The frame is molded from Zytel polymer, a member of the nylon family, which has a well-proven track record of reliability when used for handgun components. SCCY currently offers no fewer than 10 frame colors to choose from, including black, tan, orange, lime green and robin's egg blue. These colors are molded into the polymer itself, which means they won't rub off like those applied to painted or dipped frames.

The reduced-size safety lever of the Gen3 CPX-1 was borrowed from the .380 ACP version of the pistol.

The CPX models ship with two blued-steel, 10-round, double-stack magazines. If I have a complaint about the Gen3 update, it’s that SCCY still does not yet offer magazines that hold 11-, 12- or 13-rounds like its competitors. Seeing as how the magazines have a finger extension on the bases, switching over to a +1 or +2 base does not seem like a solution that is out of reach for the company.

Gen3 Feature Updates

The Gen3 CPX pistols have a new slide profile borrowed from the DVG-1 striker guns. The pyramidal top edge bevel has been replaced with a squared-off shape, which is better suited to an optics-ready slide configuration. All Gen3 models are available with either a plain slide or a micro red-dot optic slot that ships with a filler plate installed. The optics-ready slide only costs about $30 more, making it an affordable upgrade.

The Gen3 CPX-2 sports the same features as the CPX-1 except for the omission of the thumb safety lever.

The action has been updated to the company's Roebuck Quad-Lock system, which debuted with the CPX-3 in .380 ACP. Developed by the company's founder and CEO, Joe Roebuck, this system reduces felt recoil and contributes to more consistent group sizes. The barrel port at the muzzle end of the slide is ovoid in shape. This leaves a bit of open space above the business end of the barrel. When the action is closed, or, ready to fire, the barrel's chamber is pressed firmly into the front edge of the slide's ejection port. At the same time, the barrel's muzzle is pressed downward into the narrower base of the ovoid opening. The goal of the design is to give the barrel four points of lock-up for more consistent shot-to-shot accuracy.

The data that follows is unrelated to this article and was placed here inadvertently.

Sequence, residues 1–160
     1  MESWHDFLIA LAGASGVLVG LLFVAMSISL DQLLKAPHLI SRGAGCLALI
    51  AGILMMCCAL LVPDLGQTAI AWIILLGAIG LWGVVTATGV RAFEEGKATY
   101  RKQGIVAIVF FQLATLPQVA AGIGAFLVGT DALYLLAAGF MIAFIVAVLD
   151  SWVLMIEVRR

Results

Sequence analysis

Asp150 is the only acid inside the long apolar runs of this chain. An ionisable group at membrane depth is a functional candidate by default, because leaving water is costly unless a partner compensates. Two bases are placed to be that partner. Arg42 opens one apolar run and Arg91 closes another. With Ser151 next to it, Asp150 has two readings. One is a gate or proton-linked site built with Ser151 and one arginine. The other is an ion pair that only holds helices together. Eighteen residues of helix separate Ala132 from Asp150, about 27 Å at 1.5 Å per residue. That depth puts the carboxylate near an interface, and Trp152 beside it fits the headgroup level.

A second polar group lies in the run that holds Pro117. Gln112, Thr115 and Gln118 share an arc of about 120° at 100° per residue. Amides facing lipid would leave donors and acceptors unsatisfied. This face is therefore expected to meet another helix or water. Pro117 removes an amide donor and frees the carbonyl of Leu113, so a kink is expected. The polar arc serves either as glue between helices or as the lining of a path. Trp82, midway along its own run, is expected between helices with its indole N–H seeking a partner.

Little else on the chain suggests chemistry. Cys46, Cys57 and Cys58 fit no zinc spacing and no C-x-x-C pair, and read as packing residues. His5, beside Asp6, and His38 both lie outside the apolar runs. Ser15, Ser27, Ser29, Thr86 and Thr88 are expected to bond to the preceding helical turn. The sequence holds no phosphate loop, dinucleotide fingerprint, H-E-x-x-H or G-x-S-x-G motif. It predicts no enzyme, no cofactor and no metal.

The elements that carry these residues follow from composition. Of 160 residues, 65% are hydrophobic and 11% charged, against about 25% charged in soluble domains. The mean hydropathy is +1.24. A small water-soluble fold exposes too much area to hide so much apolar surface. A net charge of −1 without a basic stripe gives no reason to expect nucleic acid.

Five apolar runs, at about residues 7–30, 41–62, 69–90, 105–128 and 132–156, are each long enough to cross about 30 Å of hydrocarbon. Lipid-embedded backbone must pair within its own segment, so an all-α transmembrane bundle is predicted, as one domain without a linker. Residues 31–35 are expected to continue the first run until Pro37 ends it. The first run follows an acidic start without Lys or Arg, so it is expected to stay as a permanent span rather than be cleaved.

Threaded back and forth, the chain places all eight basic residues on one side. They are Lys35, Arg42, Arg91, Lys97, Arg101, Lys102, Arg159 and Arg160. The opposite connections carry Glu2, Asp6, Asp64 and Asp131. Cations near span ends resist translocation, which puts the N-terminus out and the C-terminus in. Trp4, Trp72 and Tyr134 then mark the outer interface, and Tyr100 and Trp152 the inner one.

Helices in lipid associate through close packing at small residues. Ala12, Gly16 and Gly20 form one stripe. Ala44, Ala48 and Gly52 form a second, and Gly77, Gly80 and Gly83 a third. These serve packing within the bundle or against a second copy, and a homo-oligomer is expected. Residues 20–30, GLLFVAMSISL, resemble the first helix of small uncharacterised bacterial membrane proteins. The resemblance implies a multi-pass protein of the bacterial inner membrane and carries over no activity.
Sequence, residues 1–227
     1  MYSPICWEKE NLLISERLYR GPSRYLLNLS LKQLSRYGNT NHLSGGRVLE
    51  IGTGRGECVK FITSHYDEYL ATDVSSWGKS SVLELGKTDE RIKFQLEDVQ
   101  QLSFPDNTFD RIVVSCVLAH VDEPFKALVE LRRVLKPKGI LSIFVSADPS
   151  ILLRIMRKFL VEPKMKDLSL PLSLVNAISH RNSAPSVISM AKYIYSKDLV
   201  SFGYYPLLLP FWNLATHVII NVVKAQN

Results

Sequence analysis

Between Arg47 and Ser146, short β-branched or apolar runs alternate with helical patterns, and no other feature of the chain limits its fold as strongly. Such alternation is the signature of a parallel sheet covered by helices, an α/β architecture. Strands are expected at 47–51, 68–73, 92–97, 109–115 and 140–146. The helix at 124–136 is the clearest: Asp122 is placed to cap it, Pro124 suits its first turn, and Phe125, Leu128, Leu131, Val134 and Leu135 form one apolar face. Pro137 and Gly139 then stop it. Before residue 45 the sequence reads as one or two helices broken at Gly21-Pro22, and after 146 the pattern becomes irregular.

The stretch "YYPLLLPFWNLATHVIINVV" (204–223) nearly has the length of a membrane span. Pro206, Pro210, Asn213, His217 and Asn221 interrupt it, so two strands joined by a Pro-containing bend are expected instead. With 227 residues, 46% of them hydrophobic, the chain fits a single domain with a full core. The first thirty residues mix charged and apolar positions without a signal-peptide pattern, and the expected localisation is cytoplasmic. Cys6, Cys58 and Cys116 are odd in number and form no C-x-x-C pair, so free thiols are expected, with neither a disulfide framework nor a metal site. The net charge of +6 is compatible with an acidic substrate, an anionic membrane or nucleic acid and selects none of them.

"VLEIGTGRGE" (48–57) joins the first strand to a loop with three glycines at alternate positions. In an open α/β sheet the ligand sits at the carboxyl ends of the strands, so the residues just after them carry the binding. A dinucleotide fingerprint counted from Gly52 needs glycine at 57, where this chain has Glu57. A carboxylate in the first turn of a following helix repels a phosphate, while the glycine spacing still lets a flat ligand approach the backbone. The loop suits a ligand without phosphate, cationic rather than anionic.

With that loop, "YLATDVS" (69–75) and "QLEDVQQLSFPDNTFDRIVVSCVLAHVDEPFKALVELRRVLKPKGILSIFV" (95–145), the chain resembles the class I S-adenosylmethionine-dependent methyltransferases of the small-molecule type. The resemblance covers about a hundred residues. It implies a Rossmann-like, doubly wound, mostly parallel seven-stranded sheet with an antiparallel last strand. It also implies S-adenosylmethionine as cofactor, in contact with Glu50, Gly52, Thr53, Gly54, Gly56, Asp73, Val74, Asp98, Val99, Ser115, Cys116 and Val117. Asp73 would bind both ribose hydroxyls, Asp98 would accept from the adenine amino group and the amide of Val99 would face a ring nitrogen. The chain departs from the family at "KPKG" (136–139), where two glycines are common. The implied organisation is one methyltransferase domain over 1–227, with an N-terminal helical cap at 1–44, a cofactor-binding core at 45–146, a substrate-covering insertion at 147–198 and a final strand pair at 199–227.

The CPX pistols break down easily for cleaning without pressing the trigger as part of the disassembly process.

The other key Gen3 changes are found in the polymer grip frame. An integral 1" long, two-slot Picatinny accessory rail has been added to the dust cover to support small light and laser sight modules. The front-to-back distance of the grip has been reduced by 0.10." The frontstrap's finger grooves have been flattened out and the back strap's vents removed. The Gen2 pistols had molded-in moderate texture panels on all four sides. The Gen3 keeps the moderate texture on the sides but the front and backstrap now have a deeper ridged texturing. These grip changes work together to make the Gen3 pistols noticeably more comfortable to hold and a better fit for smaller hands.

If you prefer a more unique polymer frame SCCY has several bright colors to choose from in addition to the more traditional black, tan and grey options.